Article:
Before this week even wraps up, I'd already made this particular one twice for dinner! So, you can imagine the power of this dish. 係啲咩名堂啊？(What is it?) Well, it was baked spare ribs that turned out to taste VERY similar to our beloved char siew (叉燒), or Cantonese barbequed pork. Even though it was baked, I almost felt like I'd grilled the ribs instead. Also, another great thing came from the marinade! The combo of the ingredients used blended harmoniously ... You could already taste it with your nose even before putting the cooked ribs into your mouth!
I only did some things differently from Siukwan's though. Instead of leaving the row of spare rib intact, I went ahead with the already-cut up ones that I'd kept frozen. So, the baking time was reduced. And, I used preserved whole black beans; all they needed was to be mashed up well. I also left out 沙薑 and used a teeny bit of ground turmeric even though I know they're different things. And pardon me, I really have no clue what 沙薑 is called in English other than knowing that it's a type of ginger that can't be simply replaced by its cousins. Cantonese commonly uses it in cooking such as for making 沙薑雞 (i.e. 沙薑chicken.) Wikipedia doesn't even have an article about it! If you know the answer, please enlighten me on that. Thanks!
A final note: the recipe below is best used as a reference rather than as a dead formula. Cooking is all about eyeballing, practicing and understanding the ingredients that you use. A recipe that works for others may not work for you. So, adjust it according to your preference. Just yesterday night, I heard over the radio that Indian cooks can't actually taste-test their cooking upon serving! Due to their religious customs, foods have to be "served" and sacrificed to gods first before humans can get their first bite. Imagine all the eyeballing that's going on in the kitchen! So, be flexible while you're having fun cooking with the recipe below.
By the way, 端午節快樂！(Happy Dragon Boat Festival!)
Chinese-Style Baked Spare Ribs 金沙骨 (adapted from Siukwan's):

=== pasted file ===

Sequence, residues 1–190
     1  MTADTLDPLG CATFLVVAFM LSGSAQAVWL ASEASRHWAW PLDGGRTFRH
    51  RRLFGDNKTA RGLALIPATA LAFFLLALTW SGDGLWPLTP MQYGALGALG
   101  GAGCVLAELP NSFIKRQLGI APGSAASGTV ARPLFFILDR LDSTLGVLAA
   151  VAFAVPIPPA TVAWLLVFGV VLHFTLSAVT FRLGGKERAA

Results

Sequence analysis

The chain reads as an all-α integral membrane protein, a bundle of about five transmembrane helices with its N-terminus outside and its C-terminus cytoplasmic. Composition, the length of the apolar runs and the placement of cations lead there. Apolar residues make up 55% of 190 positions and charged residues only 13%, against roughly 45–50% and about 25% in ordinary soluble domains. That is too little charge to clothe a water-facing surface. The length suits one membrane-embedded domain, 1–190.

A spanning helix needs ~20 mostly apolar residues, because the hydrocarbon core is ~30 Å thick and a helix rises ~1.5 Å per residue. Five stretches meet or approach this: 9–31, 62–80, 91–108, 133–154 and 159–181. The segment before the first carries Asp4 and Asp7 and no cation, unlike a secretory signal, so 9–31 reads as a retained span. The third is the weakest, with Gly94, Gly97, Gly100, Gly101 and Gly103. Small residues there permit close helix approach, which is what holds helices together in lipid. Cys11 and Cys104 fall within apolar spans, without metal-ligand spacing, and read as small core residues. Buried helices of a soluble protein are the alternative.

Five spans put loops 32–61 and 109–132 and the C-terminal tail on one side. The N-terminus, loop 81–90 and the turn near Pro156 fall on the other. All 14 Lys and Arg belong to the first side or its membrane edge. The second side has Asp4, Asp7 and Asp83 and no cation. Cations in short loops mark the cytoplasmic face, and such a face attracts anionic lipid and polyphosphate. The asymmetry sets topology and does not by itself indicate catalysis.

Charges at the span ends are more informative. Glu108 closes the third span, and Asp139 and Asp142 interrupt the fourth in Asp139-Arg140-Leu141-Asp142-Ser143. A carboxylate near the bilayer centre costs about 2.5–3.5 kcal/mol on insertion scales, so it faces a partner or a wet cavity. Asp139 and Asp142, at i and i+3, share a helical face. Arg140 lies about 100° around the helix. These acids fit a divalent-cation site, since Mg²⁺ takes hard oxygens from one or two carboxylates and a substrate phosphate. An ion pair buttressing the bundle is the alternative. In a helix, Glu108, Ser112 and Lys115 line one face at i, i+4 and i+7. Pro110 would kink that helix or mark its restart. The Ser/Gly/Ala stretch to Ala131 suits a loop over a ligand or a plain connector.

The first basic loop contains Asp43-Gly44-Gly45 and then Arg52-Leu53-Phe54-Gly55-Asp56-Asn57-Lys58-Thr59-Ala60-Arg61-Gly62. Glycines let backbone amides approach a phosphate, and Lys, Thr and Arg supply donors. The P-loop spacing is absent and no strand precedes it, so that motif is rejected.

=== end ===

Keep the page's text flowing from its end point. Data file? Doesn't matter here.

600g Spare rib (leave them intact rather than cut up)
*Or, you can do what I did by using cut-up ones instead
3 bulbs garlic, minced
2 bulbs shallots, minced
3/4 tsp salt
3-1/2 Tbsp sugar
1/4 tsp Chinese five-spice powder (五香粉)
1/2 tsp 沙薑粉 *I left this out and used a bit of ground turmeric instead
2 Tbsp light soy sauce
1 Tbsp Chinese rose wine, a.k.a. mei kuei lu chiew (玫瑰露酒) *Can't be replaced!
1-1/2 Tbsp freshly squeezed ginger juice
1 Tbsp hoisin sauce (海鮮醬)
1 Tbsp preserved black bean paste (磨豉醬)
3 Tbsp maltose
1-1/2 Tbsp water
- Wash and pat dry the spare rib, score a line vertically on it
- Marinate the rib with (A) overnight covered in the refrigerator
*Overnight marinating is a must for the best flavor
- Preheat the oven to 200C/400F
- Line a baking tray with aluminum foil to catch the "run-off" of the sauce and grease during cooking (and to make your life easier with less mess and stubborn dishes to deal with!) Then, place a metal rack used for baking over the lined tray
- Drain the rib from the marinade and arrange it over the rack, then bake for 20 minutes
- Remove the rib from the oven and flip it over to bake its other side for 15 minutes
- Soften up the maltose in a bowl that's placed sitting in a tub of hot water, then dissolve it completely in the 1-1/2 Tbsp water
*I microwaved a little bit of water and quickly stir the hot water with the maltose till dissolved
- Reduce oven temperature to 160C/320F
- Glaze one side of the rib with the maltose mixture, then bake for 5 minutes; repeat the same with the other side
- Cut up and serve the rib hot, warm or cold (I had mine cold)
Note: Ovens are different from one to another, so are the sizes of spare ribs. Please adjust the cooking time accordingly.